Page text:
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A new, large, study just identified which three behavioral patterns indicate a depressed person has a 50 percent increased risk of attempting suicide.

Suicide is a major killer — one that claims over 800,000 lives every year, and is a leading cause of death in young people. Isn't it time to start taking suicide and its underlying causes as seriously as we take heart disease and breast cancer? 

A new study set out to achieve just that. Researchers from the European College of Neuropsychopharmacology (ECNP), an independent scientific association dedicated to the science and treatment of disorders of the brain, not only pointed out that suicide prevention measures are desperately needed, they also identified suicide risk factors that healthcare professionals will be able to act on.

The Study

The BRIDGE-II-MIX study is a major international study that examined depression and suicide. Interviewing 2811 people diagnosed with depression, 628 of whom had previously attempted to take their own lives, the research team sought to determine the behavioral patterns and characteristics of those people who attempted suicide. They then compared this data with information gathered about depression people who had not tried to commit suicide. 

Study author Dina Popovic told the press: "We found that 'depressive mixed states' often preceded suicide attempts. A depressive mixed state is where a patient is depressed, but also has symptoms of 'excitation', or mania." She added that "40 percent of all the depressed patients who attempted suicide had a 'mixed episode' rather than just depression" and that "all the patients who suffer from mixed depression are at much higher risk of suicide."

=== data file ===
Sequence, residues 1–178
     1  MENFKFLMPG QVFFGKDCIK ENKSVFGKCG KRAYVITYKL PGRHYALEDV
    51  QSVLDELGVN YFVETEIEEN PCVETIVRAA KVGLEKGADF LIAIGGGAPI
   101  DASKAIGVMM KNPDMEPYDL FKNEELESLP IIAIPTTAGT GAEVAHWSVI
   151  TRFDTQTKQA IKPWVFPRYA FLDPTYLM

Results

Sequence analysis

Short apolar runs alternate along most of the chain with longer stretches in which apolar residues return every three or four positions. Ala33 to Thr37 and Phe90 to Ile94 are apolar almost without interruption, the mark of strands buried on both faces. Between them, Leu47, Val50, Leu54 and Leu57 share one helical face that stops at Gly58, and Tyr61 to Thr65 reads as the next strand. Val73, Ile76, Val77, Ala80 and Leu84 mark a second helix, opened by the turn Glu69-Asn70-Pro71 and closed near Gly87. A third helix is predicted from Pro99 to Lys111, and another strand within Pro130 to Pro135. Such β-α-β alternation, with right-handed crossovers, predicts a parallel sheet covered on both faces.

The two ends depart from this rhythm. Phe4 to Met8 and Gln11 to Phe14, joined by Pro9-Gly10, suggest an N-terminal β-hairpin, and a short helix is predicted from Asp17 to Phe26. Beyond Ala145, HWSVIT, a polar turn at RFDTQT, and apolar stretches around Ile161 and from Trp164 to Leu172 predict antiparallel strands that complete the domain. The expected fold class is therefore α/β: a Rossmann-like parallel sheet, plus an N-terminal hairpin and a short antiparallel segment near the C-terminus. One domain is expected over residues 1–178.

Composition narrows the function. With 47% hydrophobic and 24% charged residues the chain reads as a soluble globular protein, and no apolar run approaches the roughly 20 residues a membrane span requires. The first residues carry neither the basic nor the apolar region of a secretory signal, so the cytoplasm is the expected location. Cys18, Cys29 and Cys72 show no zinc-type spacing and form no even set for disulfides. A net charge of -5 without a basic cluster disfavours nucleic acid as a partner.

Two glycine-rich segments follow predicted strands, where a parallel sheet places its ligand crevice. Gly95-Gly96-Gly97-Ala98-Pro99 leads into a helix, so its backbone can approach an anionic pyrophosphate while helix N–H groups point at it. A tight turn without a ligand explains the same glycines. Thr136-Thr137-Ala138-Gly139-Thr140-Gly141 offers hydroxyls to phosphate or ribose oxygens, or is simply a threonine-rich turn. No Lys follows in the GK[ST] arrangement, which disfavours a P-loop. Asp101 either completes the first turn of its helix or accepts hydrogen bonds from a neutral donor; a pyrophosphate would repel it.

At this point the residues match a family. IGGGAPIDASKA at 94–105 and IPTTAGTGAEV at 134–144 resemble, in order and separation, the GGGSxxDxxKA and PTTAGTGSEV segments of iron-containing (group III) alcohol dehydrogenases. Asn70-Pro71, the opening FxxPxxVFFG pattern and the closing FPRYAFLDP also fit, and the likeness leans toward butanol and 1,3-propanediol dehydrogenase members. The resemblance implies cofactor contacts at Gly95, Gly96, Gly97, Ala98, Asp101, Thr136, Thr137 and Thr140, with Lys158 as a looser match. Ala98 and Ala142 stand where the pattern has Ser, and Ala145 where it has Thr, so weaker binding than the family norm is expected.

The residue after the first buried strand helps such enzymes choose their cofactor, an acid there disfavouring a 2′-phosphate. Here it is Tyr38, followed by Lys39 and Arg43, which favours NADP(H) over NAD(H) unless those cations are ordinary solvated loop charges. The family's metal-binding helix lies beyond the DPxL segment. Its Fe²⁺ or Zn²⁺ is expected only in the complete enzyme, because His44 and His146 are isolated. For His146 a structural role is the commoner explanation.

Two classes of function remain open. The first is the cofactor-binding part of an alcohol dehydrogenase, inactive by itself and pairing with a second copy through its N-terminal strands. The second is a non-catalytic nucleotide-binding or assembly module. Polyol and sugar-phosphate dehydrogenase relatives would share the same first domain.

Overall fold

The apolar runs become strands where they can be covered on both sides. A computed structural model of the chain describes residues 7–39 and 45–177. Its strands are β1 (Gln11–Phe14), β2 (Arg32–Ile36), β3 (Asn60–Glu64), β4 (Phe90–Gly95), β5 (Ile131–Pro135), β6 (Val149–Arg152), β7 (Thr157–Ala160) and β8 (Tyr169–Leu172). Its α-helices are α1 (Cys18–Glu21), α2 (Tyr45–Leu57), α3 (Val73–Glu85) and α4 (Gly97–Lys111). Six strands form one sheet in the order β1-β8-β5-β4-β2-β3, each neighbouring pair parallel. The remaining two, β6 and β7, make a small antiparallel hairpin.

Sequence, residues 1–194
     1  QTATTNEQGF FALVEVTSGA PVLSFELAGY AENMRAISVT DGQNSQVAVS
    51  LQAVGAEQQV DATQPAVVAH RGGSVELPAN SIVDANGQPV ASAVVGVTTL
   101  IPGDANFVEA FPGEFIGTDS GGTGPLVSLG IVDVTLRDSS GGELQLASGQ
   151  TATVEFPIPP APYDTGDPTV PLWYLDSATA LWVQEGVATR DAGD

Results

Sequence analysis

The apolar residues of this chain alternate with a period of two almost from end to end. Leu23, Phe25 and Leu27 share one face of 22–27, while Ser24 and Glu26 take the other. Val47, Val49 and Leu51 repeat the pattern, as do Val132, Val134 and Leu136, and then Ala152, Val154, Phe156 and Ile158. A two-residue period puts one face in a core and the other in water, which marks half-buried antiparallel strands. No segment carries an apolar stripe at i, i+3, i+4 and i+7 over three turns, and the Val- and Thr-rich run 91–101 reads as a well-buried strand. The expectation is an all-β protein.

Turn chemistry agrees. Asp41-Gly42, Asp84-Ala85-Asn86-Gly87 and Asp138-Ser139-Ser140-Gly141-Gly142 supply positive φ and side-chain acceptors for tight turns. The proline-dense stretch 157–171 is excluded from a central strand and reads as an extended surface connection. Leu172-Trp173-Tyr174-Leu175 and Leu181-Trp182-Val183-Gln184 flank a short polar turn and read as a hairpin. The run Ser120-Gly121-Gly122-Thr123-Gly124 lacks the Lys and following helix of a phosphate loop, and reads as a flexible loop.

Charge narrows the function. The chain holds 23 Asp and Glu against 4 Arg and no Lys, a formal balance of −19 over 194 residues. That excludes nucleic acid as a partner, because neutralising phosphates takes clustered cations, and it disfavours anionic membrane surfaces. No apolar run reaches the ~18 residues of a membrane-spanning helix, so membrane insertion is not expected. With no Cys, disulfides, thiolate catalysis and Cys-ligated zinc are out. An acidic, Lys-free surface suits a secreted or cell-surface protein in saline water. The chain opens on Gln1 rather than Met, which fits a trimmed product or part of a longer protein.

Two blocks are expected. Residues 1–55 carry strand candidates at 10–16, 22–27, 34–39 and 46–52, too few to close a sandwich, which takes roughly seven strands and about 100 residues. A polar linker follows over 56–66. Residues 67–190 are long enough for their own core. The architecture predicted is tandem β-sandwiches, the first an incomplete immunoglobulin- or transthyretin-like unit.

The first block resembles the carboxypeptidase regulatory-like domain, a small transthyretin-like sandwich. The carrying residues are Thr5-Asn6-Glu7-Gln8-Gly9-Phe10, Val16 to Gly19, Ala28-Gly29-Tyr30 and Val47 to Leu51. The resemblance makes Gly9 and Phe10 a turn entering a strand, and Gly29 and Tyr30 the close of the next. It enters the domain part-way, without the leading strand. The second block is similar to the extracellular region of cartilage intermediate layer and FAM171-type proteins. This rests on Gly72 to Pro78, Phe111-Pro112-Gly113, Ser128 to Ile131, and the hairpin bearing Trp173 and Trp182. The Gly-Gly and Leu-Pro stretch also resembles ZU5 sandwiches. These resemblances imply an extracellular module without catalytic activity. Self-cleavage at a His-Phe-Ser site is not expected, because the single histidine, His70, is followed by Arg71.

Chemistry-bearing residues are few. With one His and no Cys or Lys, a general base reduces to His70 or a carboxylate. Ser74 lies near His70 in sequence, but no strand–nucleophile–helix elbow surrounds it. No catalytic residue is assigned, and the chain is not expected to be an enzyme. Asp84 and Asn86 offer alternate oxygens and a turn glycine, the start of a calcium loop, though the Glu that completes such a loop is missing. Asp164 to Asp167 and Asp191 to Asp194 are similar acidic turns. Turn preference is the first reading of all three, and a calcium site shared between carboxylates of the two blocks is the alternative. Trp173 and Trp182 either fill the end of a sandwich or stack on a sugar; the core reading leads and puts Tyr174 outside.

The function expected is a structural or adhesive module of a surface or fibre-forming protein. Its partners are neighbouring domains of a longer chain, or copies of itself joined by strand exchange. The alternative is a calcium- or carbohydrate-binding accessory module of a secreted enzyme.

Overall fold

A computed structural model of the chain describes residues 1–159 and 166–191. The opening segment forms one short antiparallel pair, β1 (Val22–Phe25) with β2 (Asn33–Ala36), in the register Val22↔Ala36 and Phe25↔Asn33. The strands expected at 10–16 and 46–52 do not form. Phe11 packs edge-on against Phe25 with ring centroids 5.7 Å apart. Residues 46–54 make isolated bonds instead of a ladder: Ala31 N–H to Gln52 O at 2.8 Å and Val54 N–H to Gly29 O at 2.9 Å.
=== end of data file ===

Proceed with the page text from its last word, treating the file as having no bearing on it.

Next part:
So, What Symptoms Incidicate That A Depressed Person Is At Risk Of Suicide?

The second phase of the study involved in-depth analysis of the data the team had gathered. Though this data, the research team reached the conclusion that depressed people at risk of suicide tend to display certain symptoms, which can be picked up by healthcare providers:

  • Excessive risk-taking, like promiscuous behavior and reckless driving
  • "Psychomotor agitation" — physical signs such as pacing around, pulling clothes off, and fidgeting
  • Impulsivity
Depressed people who display all of these symptoms have a 50 percent increased risk of taking their own lives. What do we do with that information? 
 
Dr Popovic says: "In our opinion, assessing these symptoms in every depressed patient we see is extremely important, and has immense therapeutical implications. Most of these symptoms will not be spontaneously referred by the patient, the clinician needs to inquire directly, and many clinicians may not be aware of the importance of looking at these symptoms before deciding to treat depressed patients."
 
She also pointed out that this study's major strength is the fact that it wasn't "a clinical trial, with ideal patients – it’s a big study, from the real world". The information gathered through this research should directly inform clinician's professional opinion. When seeing depressed patients, doctors should take their symptoms — especially the identified suicide risk factors — very seriously. 
 
The study will be presented at the ENCP conference in Amsterdam this coming Sunday. Hopefully, the data will inspire suicide prevention measures that will end up saving the lives of many people affected by depression.